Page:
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St. Mary. (Image: Gretchen Bossio / Seattle Refined).

5 beginner hikes that showcase the beauty of Glacier National Park

I know we just wrapped up summer, the traditional time to hit the road and visit national parks, but friends - now is the time to make your plans for next summer! Why? Well, because campsites and lodging fill up quickly!

If you want your pick of picturesque views and quaint Airbnbs, now is the time to pull out the calendar, request your vacation days, and prepare to fall in love with a national park near or far.

Perhaps better than getting logistics in line for a national park adventure is all the time you have to daydream. Truly there is nothing better than reading and researching about all the glorious sights!

Still on a high from our trip to Glacier National Park in Montana, I’m excited to share five beginner hikes that showcase the beauty of the park. Honestly, Glacier stole my heart and I can’t wait to visit again. I have about 15 more hikes on my bucket list there! But, these are wonderful starters ones suitable for new hikers, young children, and anyone ready for a breathtaking experience.

Trail of the Cedars

This 0.8 loop is probably the most family-friendly hike at Glacier. My not-yet-two-year-old managed to walk the majority of it! It is also wheelchair/stroller accessible. As you meander through cedar trees keep watch for the poetic markers - the make for a serene stroll through the woods for sure.

Tip: Plan to stop by one of the stream outlets and dip your toes in the cool glacier runoff.

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Hidden Lake Overlook

If you want higher odds of seeing mountain goats and bighorn sheep, this trail is for you! It begins as a boardwalk through wildflowers - the prettiest assortment of blues, reds, purples, and yellows. You can do the whole 2.8 mile out and back trek or stop when the boardwalk ends, totally up to you!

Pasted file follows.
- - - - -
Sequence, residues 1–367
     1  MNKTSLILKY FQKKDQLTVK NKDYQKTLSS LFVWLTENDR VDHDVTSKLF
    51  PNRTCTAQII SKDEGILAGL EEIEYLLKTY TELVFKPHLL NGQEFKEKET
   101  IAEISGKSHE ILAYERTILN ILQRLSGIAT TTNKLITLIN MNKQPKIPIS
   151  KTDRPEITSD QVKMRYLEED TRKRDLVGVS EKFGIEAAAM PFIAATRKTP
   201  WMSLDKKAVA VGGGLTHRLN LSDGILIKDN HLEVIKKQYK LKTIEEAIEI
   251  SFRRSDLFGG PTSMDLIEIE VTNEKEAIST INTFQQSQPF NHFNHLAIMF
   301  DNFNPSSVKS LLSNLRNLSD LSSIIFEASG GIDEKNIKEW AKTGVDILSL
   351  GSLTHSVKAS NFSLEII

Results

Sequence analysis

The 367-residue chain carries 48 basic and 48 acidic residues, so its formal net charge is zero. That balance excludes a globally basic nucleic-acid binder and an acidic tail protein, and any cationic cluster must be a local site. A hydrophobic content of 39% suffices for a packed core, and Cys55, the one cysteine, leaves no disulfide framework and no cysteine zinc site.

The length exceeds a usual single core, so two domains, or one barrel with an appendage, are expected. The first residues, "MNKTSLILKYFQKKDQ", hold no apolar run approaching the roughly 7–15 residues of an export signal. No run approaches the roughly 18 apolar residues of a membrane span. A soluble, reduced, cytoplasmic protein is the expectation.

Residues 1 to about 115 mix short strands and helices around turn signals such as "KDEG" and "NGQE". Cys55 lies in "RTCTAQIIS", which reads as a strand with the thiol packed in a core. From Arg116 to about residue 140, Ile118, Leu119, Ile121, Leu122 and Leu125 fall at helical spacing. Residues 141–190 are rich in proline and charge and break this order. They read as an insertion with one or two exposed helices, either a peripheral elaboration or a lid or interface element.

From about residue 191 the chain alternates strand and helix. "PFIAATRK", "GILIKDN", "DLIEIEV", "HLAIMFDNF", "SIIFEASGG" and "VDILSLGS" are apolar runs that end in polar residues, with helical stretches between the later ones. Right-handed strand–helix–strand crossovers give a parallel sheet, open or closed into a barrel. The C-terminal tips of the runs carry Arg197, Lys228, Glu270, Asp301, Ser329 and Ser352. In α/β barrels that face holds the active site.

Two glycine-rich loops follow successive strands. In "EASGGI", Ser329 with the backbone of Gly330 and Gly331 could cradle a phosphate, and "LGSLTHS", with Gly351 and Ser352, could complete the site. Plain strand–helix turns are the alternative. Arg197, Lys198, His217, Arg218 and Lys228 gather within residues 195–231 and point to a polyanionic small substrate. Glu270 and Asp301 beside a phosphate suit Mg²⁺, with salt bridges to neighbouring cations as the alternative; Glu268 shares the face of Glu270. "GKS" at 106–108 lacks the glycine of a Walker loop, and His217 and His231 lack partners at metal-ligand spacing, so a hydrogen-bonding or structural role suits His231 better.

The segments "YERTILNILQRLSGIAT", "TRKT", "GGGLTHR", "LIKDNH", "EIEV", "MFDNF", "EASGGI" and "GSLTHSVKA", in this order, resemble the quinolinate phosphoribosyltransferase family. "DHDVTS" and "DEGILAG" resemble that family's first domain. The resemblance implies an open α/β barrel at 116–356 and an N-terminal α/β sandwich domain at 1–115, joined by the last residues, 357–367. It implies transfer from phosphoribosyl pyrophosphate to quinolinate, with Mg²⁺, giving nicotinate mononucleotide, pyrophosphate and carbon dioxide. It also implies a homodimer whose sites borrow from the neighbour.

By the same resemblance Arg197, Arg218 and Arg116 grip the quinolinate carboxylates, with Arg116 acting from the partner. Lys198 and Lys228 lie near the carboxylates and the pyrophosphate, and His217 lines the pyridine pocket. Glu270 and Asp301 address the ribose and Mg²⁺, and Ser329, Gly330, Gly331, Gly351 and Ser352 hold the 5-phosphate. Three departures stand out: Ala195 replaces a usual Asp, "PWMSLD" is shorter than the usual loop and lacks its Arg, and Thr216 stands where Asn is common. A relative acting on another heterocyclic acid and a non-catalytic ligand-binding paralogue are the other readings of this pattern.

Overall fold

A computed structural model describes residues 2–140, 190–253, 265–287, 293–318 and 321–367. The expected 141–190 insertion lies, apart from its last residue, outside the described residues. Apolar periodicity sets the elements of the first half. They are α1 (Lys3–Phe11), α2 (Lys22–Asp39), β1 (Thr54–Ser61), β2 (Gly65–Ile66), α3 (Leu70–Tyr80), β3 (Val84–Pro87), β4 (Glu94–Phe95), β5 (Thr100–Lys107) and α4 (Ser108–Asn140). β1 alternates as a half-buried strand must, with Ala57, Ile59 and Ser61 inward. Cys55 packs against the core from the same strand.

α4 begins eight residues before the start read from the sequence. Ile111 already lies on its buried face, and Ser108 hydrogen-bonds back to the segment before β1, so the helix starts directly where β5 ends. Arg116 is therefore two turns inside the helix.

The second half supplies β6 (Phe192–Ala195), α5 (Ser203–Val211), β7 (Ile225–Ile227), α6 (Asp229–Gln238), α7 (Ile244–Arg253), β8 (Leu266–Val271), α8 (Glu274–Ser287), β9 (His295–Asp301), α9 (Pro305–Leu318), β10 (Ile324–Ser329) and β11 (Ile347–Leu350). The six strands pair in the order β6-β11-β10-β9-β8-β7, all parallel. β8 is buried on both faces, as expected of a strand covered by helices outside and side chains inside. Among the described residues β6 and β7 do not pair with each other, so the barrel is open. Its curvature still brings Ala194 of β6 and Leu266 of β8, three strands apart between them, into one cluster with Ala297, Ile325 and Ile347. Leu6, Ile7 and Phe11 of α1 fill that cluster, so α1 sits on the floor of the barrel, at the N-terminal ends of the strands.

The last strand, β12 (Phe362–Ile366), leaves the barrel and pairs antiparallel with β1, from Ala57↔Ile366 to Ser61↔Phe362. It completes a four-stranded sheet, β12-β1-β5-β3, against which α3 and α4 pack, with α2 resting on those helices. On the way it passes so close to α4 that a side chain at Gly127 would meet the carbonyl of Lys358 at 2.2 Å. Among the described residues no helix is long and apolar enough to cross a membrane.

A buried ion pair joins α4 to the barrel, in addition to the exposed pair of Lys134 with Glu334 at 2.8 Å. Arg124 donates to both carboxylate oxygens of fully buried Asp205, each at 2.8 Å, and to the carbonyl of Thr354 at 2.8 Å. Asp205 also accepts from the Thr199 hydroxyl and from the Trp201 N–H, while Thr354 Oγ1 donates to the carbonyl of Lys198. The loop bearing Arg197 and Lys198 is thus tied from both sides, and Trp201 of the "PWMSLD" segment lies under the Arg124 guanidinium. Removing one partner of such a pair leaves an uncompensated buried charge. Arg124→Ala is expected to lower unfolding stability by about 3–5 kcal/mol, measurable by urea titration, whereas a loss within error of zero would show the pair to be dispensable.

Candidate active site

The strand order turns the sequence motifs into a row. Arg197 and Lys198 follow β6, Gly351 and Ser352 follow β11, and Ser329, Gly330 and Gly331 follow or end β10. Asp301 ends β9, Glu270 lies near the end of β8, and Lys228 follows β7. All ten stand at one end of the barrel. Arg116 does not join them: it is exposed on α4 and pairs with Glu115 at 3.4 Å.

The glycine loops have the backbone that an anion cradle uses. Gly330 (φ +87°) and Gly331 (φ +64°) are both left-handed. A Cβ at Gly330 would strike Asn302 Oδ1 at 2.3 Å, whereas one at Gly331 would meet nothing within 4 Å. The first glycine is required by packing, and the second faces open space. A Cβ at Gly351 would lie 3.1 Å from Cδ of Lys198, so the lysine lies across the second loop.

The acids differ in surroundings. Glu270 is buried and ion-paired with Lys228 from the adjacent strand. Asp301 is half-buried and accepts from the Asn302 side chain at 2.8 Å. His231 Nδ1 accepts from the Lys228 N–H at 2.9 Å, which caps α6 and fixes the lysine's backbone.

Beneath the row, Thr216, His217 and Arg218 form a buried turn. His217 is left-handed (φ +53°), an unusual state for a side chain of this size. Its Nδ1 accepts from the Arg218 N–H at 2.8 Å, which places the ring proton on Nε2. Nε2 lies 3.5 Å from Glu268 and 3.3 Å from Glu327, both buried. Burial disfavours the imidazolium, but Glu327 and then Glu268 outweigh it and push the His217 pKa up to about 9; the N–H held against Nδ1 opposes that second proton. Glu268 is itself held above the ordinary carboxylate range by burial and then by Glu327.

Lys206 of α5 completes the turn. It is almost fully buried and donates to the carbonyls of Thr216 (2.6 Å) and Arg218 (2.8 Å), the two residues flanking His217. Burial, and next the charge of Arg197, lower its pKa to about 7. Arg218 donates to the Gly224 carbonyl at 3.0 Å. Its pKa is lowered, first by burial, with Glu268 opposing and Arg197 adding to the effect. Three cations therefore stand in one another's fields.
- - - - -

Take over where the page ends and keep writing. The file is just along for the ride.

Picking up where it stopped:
Tip: Parking can be a real bear at Logan Pass so aim to start this hike very early or after dinnertime to hopefully miss the rush.

Rocky Point Nature Trail

Lake McDonald is hailed as one of Glacier’s most beautiful spots and it is! My oh my, those color rocks will just have you swooning. But what most people miss is the look from above Lake McDonald, and Rocky Point Nature Trail takes you there. The total trail is 3.9 miles out and back, but as always, you can do as much or as little as you like. For us, this was the least trafficked trail, no parking problems at all.

Tip: Pack a picnic! At the top there are gobs of giant boulders you can sit on to relax and eat.

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St. Mary Falls

I am all about destination hiking. Give me a waterfall to see AND I WILL SEE IT! This area actually boasts three main waterfalls and a number of smaller, unnamed ones. St. Mary and Baring are the first two you’ll encounter, and if you’ve got the time you can trek beyond and see Virginia Falls (my personal favorite). It is a steeper climb to that one, but well worth the effort! We tracked just shy of 5 miles out and back. Similarly to Hidden Lake, prepare yourself to hunt down a parking spot during more popular times.

Tip: Pack extra water and sun protection! This area experienced a fire a few years back and thus there is no tree coverage.

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Running Eagle (Trick) Falls

I saved the shortest for last! The walk to Running Eagle Falls, also called Trick Falls, is just 0.6 miles. It’s one of those minimal effort/maximum payout adventures, a must! I’ve actually never heard of a waterfall like this - it’s a two in one, hence the “Trick” nickname! One waterfall tumbles over the rocks like traditional falls, while the other sources from a cave-like area inside the rocks. Depending on the season/flow, you may only see one, but the potential for two is there!

Tip: Don’t miss the historical sign at the trail entrance. Running Eagle was an amazing woman I just wish we knew even more about her!

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